Simple Flying reached out to Embraer about how long it envisions a project like this would take to come into fruition. An Embraer spokesperson shared that the company is two years into a three-year process evaluating the project.

If it was launched soon after the process is over then it could be available as early as late 2025 or early 2026. However, the spokesperson stated that there are still many variables to consider.

What are your thoughts on Embraer looking to launch a  new turboprop with Boeing? Let us know what you think of the plans in the comment section.


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Gerry S

Boeing already has a quite adequate turboprop with the C130J and C27J. Should not be too difficult to "modernise" this into a next generation powerplant. Rolls Royce would most likely be the vendor. The SAAB 2000 utilized a version of this engine. This was a high speed engine with low operating costs. Perfect airplane, but the world wanted jets then. Now we are back to designing an old bird which is new again. Either way, Rolls Royce seems to be the most practical choice.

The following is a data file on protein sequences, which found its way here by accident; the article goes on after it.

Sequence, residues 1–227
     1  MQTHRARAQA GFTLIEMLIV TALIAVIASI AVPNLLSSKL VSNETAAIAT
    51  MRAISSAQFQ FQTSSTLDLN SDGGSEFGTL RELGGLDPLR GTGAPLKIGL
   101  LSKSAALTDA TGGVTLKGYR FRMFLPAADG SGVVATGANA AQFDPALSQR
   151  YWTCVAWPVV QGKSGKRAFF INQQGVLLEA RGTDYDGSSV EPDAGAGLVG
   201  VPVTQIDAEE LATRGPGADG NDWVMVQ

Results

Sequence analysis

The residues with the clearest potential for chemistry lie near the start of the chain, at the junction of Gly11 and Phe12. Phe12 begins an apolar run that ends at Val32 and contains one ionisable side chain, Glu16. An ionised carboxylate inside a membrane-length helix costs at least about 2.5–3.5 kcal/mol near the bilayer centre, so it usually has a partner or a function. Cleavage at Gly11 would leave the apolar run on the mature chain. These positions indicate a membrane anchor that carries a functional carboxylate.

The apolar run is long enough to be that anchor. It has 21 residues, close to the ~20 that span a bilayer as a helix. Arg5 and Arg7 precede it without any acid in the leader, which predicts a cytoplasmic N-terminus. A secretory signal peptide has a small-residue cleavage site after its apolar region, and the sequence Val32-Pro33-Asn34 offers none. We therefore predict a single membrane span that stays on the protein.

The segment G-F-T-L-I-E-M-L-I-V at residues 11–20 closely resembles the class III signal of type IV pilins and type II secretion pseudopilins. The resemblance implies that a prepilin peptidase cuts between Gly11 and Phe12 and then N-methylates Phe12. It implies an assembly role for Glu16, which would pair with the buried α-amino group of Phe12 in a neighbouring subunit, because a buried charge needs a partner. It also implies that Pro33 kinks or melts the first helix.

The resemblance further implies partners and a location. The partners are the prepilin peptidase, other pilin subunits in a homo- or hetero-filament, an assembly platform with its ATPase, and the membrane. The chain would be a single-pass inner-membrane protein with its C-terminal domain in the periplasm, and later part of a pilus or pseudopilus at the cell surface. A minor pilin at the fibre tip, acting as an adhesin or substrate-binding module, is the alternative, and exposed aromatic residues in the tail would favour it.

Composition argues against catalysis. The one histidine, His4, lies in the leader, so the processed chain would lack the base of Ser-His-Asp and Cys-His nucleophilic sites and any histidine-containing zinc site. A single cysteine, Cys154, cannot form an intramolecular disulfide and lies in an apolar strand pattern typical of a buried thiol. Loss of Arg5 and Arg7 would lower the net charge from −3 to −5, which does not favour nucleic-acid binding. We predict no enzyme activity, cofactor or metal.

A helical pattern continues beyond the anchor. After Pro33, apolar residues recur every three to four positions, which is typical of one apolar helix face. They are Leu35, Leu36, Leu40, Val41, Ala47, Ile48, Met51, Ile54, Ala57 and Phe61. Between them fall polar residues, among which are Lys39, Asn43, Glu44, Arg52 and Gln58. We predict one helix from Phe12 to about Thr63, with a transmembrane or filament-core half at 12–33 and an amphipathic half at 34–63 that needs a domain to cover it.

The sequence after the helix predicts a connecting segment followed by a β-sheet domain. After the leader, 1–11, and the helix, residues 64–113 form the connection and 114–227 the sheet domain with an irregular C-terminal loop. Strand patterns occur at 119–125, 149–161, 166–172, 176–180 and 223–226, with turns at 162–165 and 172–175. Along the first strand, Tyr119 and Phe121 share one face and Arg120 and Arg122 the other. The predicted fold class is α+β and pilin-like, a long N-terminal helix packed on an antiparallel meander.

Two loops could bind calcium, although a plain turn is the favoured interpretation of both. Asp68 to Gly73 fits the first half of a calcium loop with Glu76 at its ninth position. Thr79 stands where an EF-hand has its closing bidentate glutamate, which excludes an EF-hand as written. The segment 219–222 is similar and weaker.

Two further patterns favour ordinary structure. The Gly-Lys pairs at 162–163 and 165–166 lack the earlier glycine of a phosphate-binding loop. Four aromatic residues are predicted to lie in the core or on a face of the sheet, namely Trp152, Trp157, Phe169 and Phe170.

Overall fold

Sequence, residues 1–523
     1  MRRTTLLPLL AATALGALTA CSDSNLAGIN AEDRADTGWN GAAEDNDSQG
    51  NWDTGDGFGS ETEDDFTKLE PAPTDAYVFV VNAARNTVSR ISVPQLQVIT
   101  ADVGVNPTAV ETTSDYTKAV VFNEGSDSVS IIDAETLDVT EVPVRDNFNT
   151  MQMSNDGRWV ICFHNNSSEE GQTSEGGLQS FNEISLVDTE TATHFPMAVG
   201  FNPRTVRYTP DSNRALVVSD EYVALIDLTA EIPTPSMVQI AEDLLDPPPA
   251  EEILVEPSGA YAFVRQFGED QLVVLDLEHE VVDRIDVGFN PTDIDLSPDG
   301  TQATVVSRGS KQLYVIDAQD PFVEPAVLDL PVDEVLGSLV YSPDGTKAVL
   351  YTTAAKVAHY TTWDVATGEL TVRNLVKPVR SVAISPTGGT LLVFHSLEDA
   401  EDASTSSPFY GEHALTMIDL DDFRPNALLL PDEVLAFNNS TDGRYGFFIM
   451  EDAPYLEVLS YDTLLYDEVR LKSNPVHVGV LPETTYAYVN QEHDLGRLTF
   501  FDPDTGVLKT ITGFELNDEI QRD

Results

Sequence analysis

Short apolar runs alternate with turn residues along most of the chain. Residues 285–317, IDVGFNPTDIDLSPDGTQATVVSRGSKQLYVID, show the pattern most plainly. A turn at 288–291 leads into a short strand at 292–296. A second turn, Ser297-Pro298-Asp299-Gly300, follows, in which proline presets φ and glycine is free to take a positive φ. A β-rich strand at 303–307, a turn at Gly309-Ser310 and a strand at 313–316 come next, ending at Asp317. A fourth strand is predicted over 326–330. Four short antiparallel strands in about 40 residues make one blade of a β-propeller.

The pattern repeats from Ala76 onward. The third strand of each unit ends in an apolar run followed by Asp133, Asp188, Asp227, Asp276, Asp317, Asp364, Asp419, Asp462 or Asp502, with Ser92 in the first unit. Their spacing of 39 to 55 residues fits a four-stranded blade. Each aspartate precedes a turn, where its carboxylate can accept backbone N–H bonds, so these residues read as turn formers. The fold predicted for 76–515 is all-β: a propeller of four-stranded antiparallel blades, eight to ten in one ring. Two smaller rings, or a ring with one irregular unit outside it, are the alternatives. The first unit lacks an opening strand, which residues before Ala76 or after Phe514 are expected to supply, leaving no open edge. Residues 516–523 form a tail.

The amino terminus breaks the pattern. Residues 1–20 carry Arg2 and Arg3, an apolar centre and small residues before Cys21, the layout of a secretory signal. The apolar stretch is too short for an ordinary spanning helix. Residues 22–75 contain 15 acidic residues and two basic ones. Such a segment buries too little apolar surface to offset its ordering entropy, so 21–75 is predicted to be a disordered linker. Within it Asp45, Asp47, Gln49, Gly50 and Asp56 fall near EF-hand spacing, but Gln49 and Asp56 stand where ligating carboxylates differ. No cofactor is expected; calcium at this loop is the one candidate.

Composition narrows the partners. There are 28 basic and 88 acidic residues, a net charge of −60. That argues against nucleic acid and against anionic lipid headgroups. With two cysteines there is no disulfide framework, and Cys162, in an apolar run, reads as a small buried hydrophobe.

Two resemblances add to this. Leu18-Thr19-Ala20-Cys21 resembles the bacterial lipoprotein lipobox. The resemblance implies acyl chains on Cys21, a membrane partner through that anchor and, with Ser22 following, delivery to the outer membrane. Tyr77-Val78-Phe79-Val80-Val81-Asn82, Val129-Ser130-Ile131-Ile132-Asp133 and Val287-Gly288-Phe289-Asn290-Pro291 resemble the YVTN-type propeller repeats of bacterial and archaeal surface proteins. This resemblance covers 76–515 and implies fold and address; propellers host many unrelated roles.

Steven W

Neither the C130J or the C27J is produced by Boeing! The former comes from Lockheed Martin and the latter from Leonardo with some systems supplied by Lockheed.


The ATR72 is “gutless’ look more to the DeHavialand Q400 which is powerful, fast and climbs like a rocket. I have the impression the engines of the C130 would be too small. I also have the impression they are looking at an aircraft much bigger than the ATR72 say 100-150. The Kind of people they are talking to suggests they’re interested in a really big engine.